Now for the revelation. Having been ordained in the Episcopal Church for nearly thirty-two years, I have exceeded a generation of church history. We have grown in our understanding of the technologies of human behavior and relational dynamics. We have been able to grasp more of the capacity and capability of the human body, mind and spirit in the past 30 years than has been able to be understood in almost all of human history prior to our time. Any of us ordained over 25 years ago has
experienced a huge shift in how ecclesial life is both lived and led. Priesthood, while still the bastion of the "last of the generalist" vocations, requires more skill in each of the areas included in that "generalist" category. Everyone wants a priest who can be a business leader, spiritual master, brilliant teacher, competent psychologist, capable sociologist, investment capitalist, engaging conversationalist and skilled politician. Yet, I do not know a priest who has all (or even most) of those skills.
I love being a generalist. It fits my personality and range of interests and capabilities. Yet, there are still times I think of what it might have been like to be a Naval officer specializing in surface intelligence...having only one discipline. Nostalgia does that to a person. I chose not to do that. Later, as a priest, I was, once again, offered a commission to be a Chaplain in the Navy. Again, I turned it down. I had a new wife, and we were planning a family. Deployment for long periods did not suit our relationship. Long hours were enough.
Real growth means change. Change is the only constant in human life and community. Sorry, folks, but that is the absolute, unavoidable truth. Yet, in the Episcopal Church especially, the slogan seems to be "Forward to the 1950s" (or 60s...pick your decade or century). We want new, young people filing our parishes, but we want to do so with technologies and environments that have no meaning to them. Many folks of my age and older eagerly grab up the latest cell phones, televisions, DVR and Blue Ray players, and the host of programs constantly emerging.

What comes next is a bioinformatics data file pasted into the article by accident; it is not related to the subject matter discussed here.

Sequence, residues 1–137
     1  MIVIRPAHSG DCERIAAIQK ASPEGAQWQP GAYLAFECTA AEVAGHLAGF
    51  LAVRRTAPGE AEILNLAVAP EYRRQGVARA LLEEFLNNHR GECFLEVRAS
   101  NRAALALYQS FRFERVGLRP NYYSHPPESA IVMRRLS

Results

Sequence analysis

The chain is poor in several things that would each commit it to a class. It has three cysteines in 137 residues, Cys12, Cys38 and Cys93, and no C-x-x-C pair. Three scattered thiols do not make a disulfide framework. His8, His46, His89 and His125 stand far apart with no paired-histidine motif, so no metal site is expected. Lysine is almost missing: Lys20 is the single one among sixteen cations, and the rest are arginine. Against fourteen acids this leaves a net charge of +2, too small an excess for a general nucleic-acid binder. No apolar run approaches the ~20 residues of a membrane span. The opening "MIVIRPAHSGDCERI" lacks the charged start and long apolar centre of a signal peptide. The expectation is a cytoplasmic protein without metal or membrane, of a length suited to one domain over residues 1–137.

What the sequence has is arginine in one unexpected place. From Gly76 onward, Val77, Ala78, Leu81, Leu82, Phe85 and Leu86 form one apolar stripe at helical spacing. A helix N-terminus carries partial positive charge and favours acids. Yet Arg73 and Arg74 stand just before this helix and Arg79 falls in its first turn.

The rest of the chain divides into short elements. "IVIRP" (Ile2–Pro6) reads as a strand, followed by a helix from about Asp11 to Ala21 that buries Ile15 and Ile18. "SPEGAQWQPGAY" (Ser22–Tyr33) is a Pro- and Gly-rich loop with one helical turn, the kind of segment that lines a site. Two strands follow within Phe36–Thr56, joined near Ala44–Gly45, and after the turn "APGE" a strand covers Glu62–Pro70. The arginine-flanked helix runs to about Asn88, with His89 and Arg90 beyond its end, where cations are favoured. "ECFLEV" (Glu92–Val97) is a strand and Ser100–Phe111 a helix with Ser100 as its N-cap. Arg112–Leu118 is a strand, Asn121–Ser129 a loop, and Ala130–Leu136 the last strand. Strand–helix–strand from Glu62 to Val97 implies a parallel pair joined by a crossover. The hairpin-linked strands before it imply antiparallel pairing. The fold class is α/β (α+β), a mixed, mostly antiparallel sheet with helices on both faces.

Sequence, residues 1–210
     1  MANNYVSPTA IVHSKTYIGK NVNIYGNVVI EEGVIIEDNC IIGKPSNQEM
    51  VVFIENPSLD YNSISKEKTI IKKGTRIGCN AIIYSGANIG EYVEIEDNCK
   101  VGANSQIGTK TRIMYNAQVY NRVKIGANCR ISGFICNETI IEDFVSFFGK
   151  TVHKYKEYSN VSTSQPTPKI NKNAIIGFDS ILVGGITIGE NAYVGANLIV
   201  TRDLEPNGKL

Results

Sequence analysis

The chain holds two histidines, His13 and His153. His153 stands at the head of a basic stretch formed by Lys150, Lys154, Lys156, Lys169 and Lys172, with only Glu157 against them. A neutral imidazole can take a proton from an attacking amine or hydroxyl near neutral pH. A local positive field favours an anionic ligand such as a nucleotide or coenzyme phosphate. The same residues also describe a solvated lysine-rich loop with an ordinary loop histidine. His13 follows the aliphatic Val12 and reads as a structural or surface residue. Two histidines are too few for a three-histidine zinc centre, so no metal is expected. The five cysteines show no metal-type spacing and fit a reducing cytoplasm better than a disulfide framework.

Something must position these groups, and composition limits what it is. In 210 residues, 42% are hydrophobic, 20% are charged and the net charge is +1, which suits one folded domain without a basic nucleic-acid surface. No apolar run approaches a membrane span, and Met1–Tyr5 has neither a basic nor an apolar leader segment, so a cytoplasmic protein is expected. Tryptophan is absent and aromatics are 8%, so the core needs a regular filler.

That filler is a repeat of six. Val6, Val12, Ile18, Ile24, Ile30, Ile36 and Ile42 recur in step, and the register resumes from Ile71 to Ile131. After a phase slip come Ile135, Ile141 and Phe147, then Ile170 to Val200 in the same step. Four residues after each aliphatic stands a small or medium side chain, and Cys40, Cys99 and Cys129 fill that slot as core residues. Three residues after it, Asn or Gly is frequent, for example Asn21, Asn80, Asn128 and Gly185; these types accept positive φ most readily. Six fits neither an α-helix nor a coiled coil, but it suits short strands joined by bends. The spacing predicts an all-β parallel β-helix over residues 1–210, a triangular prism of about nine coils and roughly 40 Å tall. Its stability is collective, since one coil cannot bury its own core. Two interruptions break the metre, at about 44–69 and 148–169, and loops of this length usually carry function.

While doing all that, we doggedly hold onto a black & white, medieval, analog-style spirituality. One might say that spirituality is the one thing that never changes. WRONG. God is dynamic. The human spirit has limitless potential and capacity. In all the centuries of Judaism and Christianity, we have only scratched the surface of the dynamics of the human connectivity to God and all things spiritual. It never ceases to amaze me just how much there is to learn about this thing we call "spirituality" and its expression in worship and relationships. My sadness comes from not having the time to engage it all in what is left of my lifetime (at age 59, limitation is becoming part of my thinking).
I have determined that "being old" is not a condition of relationship with God. Age is non sequitur to being old. Old has to do with disconnection and loss of vision -- and as such might be termed a sin (that's a moral theology leap). It has to do with black and white/analog thinking in an HD color/digital reality. Being old has to do with looking backward for the Living God, rather than forward for the emerging Kingdom -- where the Living God beckons us. Age is a reality, and with it comes wisdom. Old is a self-imposed refusal to continue growth. I have aged, but I refuse to be old -- ever.
At what latitude do we dwell in life? As I sat on the beaches, rocks and in the parks of San Diego and watched the modern Navy at work, I felt proud to have been part of that community. While the technology has progressed beyond my time of training and engagement, I deeply appreciate what the men and women now "at the helms" can accomplish in providing protection and security. The only way I can be a spiritual mentor to these folks is to be an intrepid explorer of spiritual landscape...alive in this moment of God's revelation. Living in another time and place is simply being old.